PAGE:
Dual-service Pacific-type steam locomotives were routine for the Atlantic Coast Line, evidenced by 1554, a 1920-product of Alco’s Richmond Works, hauling loads of cypress stumps at Lake City, Fla., on Dec. 2, 1950.
William J. Husa
Rising fortunes in the Roaring ’20s

ACL’s fortunes continued to rise through the 1920s, and it was soon double-tracking its Richmond–Savannah main line and improving other routes. The “family” continued to grow, with a joint lease (with L&N) in 1925 of the Clinchfield (Spartanburg, S.C. to Elkhorn City, Ky.) and purchase in 1926 of the bankrupt Atlanta, Birmingham & Atlantic. Atlantic Coast Line renamed the AB&A as Atlanta, Birmingham & Coast, and kept it as a separately run property. The Y-shaped AB&C provided an important missing link between ACL’s south Georgia shop town and hub of Waycross with L&N at Birmingham and Atlanta. ACL’s “family lines” — a term first used in the 1920s and formally applied to the group in the 1970s — totaled more than 12,000 miles at peak, of which Atlantic Coast Line owned about 5,500.

ACL’s relatively flat profile let it make good use of a large fleet (235) of dual-service Pacific-type 4-6-2 steam locomotives, equally at home on fast passenger trains, long strings of refrigerator cars, or merchandise freight trains. ACL’s early steam locomotive roster also had many 4-6-0 Ten-Wheeler-types, which Atlantic Coast Line used in both passenger and light freight service, and 2-8-2 Mikado-type steam locomotives for long, slow drag freights. Its heaviest freight engines were 20 2-10-2s Santa Fe-type steam locomotives bought in 1926 for the up-and-down “Bow Line” from Waycross to Montgomery.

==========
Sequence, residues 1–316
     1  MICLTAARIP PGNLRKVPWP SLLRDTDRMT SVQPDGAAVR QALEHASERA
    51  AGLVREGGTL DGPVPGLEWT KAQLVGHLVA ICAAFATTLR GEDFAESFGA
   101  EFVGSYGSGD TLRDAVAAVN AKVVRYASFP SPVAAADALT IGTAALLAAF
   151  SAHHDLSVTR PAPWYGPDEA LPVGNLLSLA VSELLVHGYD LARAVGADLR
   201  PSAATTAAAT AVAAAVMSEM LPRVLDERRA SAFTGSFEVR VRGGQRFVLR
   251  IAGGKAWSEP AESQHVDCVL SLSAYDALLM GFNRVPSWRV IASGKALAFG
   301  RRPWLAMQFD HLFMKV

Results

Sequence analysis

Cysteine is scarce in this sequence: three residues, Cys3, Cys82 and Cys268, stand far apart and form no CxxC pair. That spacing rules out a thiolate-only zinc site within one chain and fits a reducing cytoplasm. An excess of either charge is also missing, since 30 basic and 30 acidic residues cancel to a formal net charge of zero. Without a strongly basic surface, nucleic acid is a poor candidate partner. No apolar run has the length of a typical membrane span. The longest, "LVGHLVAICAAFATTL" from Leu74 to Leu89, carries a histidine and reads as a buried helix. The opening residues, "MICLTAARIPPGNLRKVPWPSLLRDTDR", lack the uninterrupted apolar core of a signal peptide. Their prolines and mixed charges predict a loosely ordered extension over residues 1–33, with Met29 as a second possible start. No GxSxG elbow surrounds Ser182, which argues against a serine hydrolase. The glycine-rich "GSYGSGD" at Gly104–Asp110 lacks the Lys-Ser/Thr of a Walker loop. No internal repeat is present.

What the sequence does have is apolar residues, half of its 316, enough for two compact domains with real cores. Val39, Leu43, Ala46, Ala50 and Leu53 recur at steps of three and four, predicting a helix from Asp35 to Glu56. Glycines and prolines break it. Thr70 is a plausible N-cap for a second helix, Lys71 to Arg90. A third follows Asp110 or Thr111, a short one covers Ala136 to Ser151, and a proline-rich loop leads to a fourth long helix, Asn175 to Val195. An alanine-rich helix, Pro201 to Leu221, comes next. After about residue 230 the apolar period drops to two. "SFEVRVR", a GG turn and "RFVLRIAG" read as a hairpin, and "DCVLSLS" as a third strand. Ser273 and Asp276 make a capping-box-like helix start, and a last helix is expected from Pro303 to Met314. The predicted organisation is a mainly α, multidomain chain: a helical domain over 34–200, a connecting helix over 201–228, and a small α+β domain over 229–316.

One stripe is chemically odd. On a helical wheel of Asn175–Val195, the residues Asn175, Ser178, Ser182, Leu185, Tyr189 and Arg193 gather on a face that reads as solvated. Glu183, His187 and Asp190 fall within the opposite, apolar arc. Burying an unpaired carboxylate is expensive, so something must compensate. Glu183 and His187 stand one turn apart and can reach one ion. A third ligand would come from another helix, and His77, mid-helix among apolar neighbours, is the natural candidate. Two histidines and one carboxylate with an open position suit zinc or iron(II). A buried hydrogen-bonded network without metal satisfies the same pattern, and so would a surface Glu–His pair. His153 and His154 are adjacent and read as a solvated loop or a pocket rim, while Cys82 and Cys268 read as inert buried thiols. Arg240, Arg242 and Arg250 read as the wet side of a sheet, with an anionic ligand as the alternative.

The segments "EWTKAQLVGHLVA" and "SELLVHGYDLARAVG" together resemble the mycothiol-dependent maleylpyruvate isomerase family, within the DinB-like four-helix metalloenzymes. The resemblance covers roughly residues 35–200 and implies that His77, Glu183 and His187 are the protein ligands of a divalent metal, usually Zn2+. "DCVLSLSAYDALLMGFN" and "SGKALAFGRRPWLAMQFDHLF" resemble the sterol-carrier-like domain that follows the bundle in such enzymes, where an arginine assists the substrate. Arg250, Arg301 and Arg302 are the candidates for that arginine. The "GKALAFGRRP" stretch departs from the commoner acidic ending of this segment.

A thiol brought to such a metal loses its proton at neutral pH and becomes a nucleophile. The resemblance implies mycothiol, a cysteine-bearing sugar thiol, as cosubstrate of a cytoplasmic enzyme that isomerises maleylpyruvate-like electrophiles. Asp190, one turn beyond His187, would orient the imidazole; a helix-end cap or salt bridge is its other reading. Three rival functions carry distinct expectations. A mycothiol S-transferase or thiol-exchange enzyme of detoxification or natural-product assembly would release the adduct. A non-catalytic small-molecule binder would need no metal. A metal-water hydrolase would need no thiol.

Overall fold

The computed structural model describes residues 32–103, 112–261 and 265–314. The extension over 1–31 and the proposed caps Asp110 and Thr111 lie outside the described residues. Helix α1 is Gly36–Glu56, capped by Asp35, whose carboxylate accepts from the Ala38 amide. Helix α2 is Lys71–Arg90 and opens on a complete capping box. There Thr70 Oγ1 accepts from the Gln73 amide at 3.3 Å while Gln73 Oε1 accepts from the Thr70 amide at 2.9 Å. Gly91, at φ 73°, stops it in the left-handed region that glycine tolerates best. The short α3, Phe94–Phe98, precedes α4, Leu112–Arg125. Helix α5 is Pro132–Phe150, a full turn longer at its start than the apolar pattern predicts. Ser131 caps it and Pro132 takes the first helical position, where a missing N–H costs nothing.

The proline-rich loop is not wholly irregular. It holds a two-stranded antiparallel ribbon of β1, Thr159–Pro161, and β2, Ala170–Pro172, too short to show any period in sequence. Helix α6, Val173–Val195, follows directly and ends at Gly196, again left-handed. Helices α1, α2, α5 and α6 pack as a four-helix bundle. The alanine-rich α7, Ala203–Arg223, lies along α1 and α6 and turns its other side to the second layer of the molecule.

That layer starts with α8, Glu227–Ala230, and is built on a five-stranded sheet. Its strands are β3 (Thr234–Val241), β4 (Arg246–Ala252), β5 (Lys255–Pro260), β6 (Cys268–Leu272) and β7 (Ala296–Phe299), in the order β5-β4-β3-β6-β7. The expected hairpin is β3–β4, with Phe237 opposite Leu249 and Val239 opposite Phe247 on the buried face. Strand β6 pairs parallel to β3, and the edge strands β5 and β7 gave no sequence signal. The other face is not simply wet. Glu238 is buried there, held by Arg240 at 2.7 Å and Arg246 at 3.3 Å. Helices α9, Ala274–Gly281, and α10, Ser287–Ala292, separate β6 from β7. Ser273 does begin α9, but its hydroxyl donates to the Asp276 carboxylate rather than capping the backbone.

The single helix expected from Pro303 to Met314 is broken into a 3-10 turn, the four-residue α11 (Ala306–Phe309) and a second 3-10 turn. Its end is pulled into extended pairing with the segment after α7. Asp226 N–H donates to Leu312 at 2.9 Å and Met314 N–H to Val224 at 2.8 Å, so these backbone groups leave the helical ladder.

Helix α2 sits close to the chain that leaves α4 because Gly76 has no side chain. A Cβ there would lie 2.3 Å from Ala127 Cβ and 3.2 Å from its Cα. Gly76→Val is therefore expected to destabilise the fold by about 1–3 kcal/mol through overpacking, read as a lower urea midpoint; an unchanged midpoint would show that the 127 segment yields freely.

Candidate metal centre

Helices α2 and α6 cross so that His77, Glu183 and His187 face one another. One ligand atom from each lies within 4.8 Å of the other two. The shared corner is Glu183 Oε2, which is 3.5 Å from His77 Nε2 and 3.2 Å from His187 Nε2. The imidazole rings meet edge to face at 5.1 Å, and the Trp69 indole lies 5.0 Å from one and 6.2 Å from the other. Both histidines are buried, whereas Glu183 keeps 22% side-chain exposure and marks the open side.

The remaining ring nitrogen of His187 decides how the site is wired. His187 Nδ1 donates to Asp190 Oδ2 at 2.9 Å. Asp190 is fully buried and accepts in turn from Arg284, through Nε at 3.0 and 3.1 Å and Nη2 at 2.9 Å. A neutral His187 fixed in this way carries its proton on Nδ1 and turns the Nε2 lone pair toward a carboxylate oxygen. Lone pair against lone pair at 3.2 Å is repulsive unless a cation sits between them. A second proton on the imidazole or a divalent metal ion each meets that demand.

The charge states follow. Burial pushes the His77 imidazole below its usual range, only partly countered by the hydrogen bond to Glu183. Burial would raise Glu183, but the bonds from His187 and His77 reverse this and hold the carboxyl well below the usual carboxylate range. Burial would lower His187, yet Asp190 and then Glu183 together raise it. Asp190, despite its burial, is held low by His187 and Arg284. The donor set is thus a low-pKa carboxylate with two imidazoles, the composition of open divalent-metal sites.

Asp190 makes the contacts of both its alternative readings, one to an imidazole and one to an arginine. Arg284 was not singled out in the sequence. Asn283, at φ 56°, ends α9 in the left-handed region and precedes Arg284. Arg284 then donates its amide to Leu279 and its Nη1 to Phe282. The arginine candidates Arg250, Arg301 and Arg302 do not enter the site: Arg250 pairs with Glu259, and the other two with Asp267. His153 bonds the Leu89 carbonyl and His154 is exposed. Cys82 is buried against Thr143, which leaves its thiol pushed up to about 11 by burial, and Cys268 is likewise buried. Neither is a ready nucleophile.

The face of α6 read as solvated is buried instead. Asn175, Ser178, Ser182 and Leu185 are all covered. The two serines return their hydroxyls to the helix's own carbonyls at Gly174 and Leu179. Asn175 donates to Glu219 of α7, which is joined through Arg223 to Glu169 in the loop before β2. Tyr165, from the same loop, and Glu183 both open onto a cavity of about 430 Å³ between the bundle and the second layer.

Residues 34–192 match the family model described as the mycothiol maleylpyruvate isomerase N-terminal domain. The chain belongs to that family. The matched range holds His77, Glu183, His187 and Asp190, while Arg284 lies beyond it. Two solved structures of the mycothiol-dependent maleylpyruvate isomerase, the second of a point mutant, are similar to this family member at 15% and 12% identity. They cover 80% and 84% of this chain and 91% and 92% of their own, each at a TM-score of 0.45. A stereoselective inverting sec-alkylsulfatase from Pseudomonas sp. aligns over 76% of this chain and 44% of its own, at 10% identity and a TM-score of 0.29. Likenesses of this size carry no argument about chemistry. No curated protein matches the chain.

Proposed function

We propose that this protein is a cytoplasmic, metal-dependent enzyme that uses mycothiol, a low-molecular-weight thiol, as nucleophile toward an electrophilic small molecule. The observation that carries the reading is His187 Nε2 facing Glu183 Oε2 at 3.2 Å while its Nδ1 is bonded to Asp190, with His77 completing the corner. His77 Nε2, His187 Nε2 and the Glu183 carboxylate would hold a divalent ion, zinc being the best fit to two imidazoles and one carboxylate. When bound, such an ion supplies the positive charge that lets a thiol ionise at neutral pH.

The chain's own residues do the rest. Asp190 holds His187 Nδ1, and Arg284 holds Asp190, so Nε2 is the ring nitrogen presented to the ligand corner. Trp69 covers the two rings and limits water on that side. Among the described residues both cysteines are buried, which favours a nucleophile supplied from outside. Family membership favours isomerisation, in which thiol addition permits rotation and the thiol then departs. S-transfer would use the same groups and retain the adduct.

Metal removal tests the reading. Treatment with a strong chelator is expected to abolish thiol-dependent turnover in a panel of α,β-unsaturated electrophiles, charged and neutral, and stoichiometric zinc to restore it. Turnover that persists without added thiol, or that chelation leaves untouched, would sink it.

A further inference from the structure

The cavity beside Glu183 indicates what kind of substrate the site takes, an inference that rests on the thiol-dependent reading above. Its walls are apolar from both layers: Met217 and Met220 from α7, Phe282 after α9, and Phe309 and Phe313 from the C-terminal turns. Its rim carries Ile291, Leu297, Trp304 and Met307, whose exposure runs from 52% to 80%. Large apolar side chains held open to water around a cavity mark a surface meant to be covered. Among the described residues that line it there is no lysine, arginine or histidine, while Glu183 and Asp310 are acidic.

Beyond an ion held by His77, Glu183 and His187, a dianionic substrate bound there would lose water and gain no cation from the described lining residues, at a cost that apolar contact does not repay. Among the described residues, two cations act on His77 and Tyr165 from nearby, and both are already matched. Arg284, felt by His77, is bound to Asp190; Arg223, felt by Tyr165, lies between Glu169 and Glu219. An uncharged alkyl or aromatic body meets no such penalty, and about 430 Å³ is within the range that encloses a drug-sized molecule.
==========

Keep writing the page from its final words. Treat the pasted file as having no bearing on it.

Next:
Relative prosperity in the Great Depression

As tourist travel picked up in the late 1930s, the Seaboard beat Atlantic Coast Line to the punch with both diesel-electric locomotives and streamlined passenger trains. Seaboard Air Line put colorful Electro-Motive Corp. E4-type diesel electric locomotives on its Orange Blossom Special passenger train in 1938, but the Atlantic Coast Line went back that year to Baldwin Locomotive Works of Philadelphia, for 12 huge 4-8-4 Northern-type steam locomotives. The Northern-type locomotives were fast and powerful, but had running gear problems and could not match the efficiency and servicing advantages of diesel-electric locomotives.

Diesel locomotives begin to appear
The Atlantic Coast Line changed course and bought two Electro-Motive E3 diesel electric locomotives in 1939, and painted them in aluminum and Royal Purple, colors long used on its passenger timetables and said to be favorites of up-and-coming Vice President Champion McDowell Davis.

The flashy new EMC E-type diesel electric locomotives were coupled to Atlantic Coast Line’s first lightweight passenger train in December 1939. Atlantic Coast Line named its train Champion. Champ Davis, who became Atlantic Coast Line president in 1942, remained a dedicated fan of purple, and by the mid-1950s the color adorned everything from passenger cars to maintenance-of-way cranes to depot trim.